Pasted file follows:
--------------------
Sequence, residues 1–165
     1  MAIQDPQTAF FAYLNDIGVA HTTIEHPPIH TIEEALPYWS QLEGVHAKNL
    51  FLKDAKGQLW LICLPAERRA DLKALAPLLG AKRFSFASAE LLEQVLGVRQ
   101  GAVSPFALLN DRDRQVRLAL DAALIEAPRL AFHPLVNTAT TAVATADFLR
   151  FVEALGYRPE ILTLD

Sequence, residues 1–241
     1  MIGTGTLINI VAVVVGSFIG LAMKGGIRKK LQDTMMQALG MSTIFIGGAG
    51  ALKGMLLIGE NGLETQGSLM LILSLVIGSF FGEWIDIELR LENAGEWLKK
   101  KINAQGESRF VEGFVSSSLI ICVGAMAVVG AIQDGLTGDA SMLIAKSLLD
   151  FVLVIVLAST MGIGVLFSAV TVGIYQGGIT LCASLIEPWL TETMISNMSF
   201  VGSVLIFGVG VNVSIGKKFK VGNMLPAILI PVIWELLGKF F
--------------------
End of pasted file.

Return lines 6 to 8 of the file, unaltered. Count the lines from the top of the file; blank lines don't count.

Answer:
Sequence, residues 1–241
     1  MIGTGTLINI VAVVVGSFIG LAMKGGIRKK LQDTMMQALG MSTIFIGGAG
    51  ALKGMLLIGE NGLETQGSLM LILSLVIGSF FGEWIDIELR LENAGEWLKK